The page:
Photo by Ebru Yildiz
SHILPA RAY’s forearms bulge with blood when she plays her harmonium. “I have strange musical injuries,” she explains, referring to the blisters on her fingers. But none of that stops her from pounding on the accordion-like instrument, which reached the height of its popularity in 19th-century churches. “I always feel like I’m still my 14-year-old self,” she says, explaining her determination to play despite the trauma her music can cause. “I never developed beyond that in my attitude.”
Growing up in central New Jersey, at 6 years old RAY picked up both the harmonium and piano at the insistence of parents who wanted her to learn classical Indian music. “I really wanted to play guitar and my parents said no,”RAY says. “But I had the harmonium, so I would learn chords to songs that I liked and start to play.” At 16 she taught herself how to play The Velvet Underground’s “I’ll Be Your Mirror,” but it wasn’t until a few years later that she worked up the nerve to perform in front of other people.
Settling in New York City with no idea how to form a band, RAY frequented open mic nights at the East Village’s legendary Sidewalk Cafe, where she performed solo. “I started going to Sidewalk because I didn’t fit into any scene and it seemed like there you can be anybody and still get a shot,” she says. “So I went and I sang a song a capella and they asked if I played an instrument and I told them about the harmonium, so they said if you bring this harmonium down, we’ll give you a show.” RAY would soon form her first band, Beat The Devil. While the group was met with early success and local acclaim, winning great praise from many observers including Brooklyn Vegan and the New York Times, they disbanded shortly before the release of their first and only album.
Initially RAY decided to continue on as a solo act, but she soon began enlisting the help of musicians she had met while playing out. Eventually the line up began to solidify and SHILPA RAY AND HER HAPPY HOOKERS was formed. In 2009, the group released the self-financed album A Fish Hook, An Open Eye and the excitement for RAY and her unique artistry picked up where it had left off. “Following the demise of her previous band,” wrote the New Yorker,” RAY has struck out on her own, further showcasing her seemingly indestructible vocal chords. She screams, growls, and snarls her way through the screeching muck of oil-stained garage rock and backwoods blues, cresting just above the waves of a sonic tumult that threatens to consume her minuscule frame. This tenuous command of a raucous sound makes for a volatile breed of rock and roll.”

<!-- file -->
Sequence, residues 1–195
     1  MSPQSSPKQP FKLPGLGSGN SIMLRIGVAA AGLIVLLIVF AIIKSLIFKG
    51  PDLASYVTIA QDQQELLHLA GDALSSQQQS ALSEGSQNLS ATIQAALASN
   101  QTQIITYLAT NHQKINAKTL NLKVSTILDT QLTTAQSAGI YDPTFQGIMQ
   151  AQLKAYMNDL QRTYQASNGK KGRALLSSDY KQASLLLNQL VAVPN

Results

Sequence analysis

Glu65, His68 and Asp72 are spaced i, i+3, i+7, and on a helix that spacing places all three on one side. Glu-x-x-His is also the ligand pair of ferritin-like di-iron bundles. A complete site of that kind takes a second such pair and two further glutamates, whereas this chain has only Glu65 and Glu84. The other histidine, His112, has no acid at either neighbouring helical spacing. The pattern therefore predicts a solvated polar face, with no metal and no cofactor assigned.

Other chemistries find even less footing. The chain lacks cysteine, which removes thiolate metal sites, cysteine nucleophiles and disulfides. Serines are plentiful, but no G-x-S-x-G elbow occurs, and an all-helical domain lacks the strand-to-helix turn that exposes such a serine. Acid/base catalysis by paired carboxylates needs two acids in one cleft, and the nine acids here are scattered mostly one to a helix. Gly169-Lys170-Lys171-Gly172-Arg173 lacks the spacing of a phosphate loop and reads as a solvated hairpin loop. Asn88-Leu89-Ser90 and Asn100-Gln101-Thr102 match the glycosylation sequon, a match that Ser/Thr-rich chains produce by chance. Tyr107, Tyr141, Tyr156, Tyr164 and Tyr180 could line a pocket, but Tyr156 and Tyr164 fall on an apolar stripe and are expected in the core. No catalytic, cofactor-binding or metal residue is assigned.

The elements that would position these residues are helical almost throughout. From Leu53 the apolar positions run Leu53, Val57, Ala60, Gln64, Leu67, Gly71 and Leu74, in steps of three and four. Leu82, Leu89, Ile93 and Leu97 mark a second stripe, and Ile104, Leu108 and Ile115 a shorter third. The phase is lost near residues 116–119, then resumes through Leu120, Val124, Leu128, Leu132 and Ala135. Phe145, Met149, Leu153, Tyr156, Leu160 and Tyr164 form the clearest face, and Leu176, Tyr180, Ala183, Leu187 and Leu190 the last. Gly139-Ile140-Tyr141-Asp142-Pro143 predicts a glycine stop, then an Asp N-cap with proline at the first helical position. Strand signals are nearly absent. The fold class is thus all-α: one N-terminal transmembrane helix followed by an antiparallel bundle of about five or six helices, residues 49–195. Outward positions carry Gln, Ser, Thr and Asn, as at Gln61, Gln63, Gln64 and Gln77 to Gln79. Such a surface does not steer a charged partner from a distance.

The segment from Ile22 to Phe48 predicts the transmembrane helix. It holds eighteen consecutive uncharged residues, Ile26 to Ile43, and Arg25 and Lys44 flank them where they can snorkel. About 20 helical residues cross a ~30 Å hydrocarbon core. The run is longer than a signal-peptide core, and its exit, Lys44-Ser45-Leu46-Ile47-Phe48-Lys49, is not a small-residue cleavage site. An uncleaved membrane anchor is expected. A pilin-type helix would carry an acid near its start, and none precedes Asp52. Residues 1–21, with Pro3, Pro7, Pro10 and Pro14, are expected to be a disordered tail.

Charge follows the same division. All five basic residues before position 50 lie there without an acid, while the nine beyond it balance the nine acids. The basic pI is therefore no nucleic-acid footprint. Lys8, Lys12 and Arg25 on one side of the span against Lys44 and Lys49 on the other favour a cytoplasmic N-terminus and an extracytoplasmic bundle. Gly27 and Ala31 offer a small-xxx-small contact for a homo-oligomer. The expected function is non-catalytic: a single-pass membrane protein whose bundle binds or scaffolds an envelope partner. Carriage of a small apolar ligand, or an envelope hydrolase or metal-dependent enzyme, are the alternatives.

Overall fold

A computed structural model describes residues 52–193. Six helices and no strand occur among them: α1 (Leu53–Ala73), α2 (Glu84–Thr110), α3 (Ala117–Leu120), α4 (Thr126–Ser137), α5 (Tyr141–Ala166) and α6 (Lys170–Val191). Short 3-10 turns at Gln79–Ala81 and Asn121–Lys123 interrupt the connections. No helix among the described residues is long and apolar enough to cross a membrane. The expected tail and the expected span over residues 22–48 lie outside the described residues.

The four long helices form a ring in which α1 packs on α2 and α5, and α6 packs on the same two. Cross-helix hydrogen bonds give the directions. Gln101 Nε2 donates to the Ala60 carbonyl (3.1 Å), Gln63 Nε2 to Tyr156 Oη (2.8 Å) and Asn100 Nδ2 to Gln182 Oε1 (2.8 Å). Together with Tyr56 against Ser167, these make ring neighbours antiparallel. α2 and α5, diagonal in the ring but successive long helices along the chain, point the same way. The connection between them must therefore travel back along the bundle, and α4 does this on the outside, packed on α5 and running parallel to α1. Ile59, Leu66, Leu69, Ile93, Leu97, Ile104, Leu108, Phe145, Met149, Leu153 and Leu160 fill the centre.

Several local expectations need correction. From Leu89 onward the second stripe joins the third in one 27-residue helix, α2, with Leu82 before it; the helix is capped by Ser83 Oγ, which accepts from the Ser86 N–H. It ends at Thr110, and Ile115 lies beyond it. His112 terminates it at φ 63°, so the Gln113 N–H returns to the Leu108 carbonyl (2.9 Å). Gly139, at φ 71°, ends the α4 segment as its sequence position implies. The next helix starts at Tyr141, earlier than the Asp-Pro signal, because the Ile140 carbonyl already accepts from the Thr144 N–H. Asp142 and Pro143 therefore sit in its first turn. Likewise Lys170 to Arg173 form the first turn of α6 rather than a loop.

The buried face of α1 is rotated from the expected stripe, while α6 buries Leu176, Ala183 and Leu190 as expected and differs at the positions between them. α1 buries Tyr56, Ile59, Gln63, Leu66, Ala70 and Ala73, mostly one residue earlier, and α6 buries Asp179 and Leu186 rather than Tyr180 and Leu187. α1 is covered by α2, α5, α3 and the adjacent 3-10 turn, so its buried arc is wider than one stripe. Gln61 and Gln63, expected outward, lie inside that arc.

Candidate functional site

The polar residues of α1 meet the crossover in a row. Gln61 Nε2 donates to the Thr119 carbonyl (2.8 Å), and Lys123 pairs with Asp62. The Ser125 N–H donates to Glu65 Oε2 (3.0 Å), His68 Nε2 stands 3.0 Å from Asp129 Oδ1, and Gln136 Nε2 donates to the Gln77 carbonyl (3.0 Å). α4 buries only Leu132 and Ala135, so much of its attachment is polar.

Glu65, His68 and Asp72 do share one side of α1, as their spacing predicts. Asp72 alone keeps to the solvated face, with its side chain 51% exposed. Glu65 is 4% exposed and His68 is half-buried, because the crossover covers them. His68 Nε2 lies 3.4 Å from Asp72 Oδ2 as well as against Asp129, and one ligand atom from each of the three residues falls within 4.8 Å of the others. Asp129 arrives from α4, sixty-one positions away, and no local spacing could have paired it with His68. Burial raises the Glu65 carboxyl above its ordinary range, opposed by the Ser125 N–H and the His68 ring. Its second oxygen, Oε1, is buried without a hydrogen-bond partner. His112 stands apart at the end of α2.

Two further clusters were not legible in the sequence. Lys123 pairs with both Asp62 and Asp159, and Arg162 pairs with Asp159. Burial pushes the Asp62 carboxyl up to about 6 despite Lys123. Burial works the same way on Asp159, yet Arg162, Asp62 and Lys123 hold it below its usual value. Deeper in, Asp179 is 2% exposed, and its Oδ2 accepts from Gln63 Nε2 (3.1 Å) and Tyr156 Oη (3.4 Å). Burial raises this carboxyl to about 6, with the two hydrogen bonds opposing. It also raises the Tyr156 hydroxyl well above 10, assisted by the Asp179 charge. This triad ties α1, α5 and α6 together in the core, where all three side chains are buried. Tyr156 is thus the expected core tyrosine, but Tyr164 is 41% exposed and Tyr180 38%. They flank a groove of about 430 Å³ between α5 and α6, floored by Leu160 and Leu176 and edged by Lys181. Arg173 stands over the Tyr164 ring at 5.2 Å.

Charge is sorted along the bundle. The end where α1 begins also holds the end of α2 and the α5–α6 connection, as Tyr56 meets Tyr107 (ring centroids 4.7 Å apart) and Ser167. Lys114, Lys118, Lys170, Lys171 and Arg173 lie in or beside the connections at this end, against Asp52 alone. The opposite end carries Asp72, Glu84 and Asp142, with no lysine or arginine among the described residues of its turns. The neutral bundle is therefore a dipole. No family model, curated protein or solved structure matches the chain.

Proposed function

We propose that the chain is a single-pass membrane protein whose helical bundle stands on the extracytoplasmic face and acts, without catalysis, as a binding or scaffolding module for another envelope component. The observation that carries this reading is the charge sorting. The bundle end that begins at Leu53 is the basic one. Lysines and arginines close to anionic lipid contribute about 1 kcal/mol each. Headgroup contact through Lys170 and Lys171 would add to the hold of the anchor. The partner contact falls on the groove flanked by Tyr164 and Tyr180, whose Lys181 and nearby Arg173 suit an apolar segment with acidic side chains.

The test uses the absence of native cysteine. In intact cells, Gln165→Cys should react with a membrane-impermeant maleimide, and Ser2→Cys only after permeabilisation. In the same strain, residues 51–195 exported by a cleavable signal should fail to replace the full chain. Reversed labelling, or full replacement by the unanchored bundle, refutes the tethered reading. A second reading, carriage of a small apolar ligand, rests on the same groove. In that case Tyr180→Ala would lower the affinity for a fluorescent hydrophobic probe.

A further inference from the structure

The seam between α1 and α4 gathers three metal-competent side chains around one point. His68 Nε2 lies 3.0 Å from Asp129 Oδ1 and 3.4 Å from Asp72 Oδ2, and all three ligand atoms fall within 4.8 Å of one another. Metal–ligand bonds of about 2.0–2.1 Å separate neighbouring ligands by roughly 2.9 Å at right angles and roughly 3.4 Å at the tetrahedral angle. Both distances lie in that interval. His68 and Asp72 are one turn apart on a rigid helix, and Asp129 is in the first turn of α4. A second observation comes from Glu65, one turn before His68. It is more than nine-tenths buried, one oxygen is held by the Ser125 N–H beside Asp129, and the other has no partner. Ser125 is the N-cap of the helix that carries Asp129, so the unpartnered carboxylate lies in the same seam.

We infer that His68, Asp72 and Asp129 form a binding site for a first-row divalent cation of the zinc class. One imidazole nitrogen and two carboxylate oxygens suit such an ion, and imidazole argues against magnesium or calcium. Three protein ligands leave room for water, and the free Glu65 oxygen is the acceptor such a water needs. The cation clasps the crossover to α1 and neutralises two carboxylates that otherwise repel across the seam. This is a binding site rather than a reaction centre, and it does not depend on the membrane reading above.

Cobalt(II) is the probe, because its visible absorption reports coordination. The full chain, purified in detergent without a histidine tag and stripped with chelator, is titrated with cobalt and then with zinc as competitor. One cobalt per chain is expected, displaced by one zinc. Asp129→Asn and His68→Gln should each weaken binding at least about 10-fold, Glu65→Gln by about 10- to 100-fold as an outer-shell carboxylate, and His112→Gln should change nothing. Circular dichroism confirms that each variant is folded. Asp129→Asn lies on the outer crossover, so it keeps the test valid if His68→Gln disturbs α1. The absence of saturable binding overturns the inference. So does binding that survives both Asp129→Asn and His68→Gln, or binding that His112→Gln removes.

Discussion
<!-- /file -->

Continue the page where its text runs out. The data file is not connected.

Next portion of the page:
SHILPA RAY AND HER HAPPY HOOKERS’s latest album, Teenage and Torture, both refines and expands upon the arresting qualities of their first release. The result, “isn’t as thrown together as the first one,” says RAY. “The first record was like a series of thoughts, this is one big thought. You’ll slip into a different world when you hear this.” Recorded with Black Dirt Studios’ Jason Meagher at Seizure’s Palace in Gowanus, Brooklyn, the songs on Teenage and Torture are dark, sardonic looks inside RAY’s own world and obsessions, augmented by the musical styling of her HAPPY HOOKERS—Nick Hundley on bass, Andrew Bailey on guitar and John Adamski on drums and percussion, and featuring Greg Lewis on organ, Jonathan Lam on pedal steel and Andrew Hoepfner on vocals and keys.
“Most of the time when I write songs, they’re semi-autobiographical,” says RAY, “but they’re also taking situations and trying to understand things that I have a hard time understanding,” she says. “When I wrote ‘Genie’s Drugs,’ it was about this dude I used to date who was dating every other chick on my block. One day I said, ‘I don’t want you to see this Genie girl, why do you see her?’ and he told me, ‘Well, she’s got the good drugs.’ And I thought it would be great to write a love song about I’m so poor that I can’t afford the drugs to keep him around.” On another standout track, “Liquidation Sale,” RAY mocks herself for feeling down. “I could not take myself seriously writing a blues song,” she says, “so a lot of those lyrics are me making fun of myself and how fake I am being by even writing it. At the same time, I’m like everybody else, I want that window to complain.”
Blood and blisters be damned, on Teenage and Torture, SHILPA RAY AND HER HAPPY HOOKERS have some things to say, and you’ve got no choice but to pay attention